9. 9. 1/3 of online consumers ages 18-34 say information discovered through search caused them to buy a more expensive product in a store if that product is more effective. Google Consumer Survey
  10. 10. What are micro-moments? Mobile has changed our online expectations • Actions are taken in the moment:
  11. 11. What are micro-moments? Mobile has changed our online expectations • Actions are taken in the moment: • We’re faced with a question
  12. 12. What are micro-moments? Mobile has changed our online expectations • Actions are taken in the moment: • We’re faced with a question • We turn to our phone
  13. 13. What are micro-moments? Mobile has changed our online expectations • Actions are taken in the moment: • We’re faced with a question • We turn to our phone • And we ask: which peanut butter is healthier?
  14. 14. Some example micro-moments How we rely on our phones to help us make decisions
  15. 15. Micro-moment opportunities The intersection of intent and immediacy • Customers award their loyalty to the businesses that provides value right now
  16. 16. Micro-moment opportunities The intersection of intent and immediacy • Customers award their loyalty to the businesses that provides value right now • You need to meet them at the intersection of intent and immediacy
  17. 17. Micro-moment opportunities The intersection of intent and immediacy • Customers award their loyalty to the businesses that provides value right now • You need to meet them at the intersection of intent and immediacy • Intent is what motivates your site’s visitors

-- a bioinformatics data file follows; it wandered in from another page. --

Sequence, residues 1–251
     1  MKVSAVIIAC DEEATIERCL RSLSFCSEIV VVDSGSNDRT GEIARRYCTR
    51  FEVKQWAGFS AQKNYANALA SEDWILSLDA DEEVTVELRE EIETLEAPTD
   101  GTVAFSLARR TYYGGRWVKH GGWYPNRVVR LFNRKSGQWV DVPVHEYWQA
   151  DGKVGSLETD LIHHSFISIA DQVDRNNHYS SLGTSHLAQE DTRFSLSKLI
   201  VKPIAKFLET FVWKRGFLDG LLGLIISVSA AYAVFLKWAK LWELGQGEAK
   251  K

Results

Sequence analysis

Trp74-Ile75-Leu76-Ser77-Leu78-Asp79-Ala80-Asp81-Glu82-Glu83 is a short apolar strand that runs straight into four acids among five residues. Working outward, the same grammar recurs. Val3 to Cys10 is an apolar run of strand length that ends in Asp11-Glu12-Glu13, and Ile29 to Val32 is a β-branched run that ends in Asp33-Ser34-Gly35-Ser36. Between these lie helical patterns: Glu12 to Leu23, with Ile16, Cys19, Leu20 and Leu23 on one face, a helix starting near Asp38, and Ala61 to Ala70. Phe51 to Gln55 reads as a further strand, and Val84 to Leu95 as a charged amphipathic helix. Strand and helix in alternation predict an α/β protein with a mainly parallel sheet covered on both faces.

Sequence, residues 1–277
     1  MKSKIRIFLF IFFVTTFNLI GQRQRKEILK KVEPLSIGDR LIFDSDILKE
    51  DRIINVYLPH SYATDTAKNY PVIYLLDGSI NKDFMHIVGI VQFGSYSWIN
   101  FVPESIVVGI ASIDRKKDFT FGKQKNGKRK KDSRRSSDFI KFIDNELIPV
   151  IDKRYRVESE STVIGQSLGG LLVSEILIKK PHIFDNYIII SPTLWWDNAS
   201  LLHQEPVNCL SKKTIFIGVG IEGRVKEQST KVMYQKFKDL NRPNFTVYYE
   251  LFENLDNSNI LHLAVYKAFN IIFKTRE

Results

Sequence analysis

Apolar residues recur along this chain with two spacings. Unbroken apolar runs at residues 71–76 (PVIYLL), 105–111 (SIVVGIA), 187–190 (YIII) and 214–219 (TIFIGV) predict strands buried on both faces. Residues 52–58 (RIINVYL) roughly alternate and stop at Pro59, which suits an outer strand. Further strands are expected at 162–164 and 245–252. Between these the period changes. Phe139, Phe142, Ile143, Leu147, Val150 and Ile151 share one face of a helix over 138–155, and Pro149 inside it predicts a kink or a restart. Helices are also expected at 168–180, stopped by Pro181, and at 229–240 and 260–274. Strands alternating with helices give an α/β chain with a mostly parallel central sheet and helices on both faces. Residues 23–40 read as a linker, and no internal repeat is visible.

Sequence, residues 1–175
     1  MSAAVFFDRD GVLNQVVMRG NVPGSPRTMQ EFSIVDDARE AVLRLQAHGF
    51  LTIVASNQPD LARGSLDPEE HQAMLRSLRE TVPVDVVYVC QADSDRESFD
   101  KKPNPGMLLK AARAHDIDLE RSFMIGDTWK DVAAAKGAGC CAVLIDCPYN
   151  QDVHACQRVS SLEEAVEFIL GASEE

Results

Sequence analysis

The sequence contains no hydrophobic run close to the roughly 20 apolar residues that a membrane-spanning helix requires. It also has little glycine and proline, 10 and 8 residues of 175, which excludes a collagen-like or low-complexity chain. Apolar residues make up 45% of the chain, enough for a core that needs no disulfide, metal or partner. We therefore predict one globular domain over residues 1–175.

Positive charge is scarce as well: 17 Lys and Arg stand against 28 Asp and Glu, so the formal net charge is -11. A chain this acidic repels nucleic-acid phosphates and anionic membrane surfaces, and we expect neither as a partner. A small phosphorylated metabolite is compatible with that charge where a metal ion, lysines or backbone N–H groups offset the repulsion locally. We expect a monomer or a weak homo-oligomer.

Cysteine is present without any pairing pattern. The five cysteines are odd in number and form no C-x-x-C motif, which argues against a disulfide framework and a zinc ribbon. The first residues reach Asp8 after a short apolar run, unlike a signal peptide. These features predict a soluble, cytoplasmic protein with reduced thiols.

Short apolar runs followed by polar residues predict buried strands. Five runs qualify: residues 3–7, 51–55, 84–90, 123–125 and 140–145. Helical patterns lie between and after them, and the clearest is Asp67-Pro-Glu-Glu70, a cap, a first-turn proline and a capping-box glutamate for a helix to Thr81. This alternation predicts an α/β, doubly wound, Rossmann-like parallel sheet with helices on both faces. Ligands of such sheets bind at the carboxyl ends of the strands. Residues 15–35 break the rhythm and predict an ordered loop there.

18. 18. Micro-moment opportunities The intersection of intent and immediacy • Customers award their loyalty to the businesses that provides value right now • You need to meet them at the intersection of intent and immediacy • Intent is what motivates your site’s visitors • i.e. Why did they visit your website?
  19. 19. Micro-moment opportunities The intersection of intent and immediacy • Customers award their loyalty to the businesses that provides value right now • You need to meet them at the intersection of intent and immediacy • Intent is what motivates your site’s visitors • Immediacy is their need right now
  20. 20. Micro-moment opportunities The intersection of intent and immediacy • Customers award their loyalty to the businesses that provides value right now • You need to meet them at the intersection of intent and immediacy • Intent is what motivates your site’s visitors • Immediacy is their need right now • i.e. How can you add value this instant, and not later
  21. 21. Micro-moment opportunities The intersection of intent and immediacy • Customers award their loyalty to the businesses that provides value right now • You need to meet them at the intersection of intent and immediacy • Intent is what motivates your site’s visitors • Immediacy is their need right now • Your goal is to be there when the customer needs you
  22. 22. But how?
  23. 23. Being there for your visitors Step 1: Uncovering & mapping out your moments • What are the moments you want to be there for. i.e. What moments do you need to win?
  24. 24. Being there for your visitors Step 1: Uncovering & mapping out your moments • What are the moments you want to be there for. i.e. What moments do you need to win? • When can you inspire? • When can you add value? • When can you answer a question? • How can you help?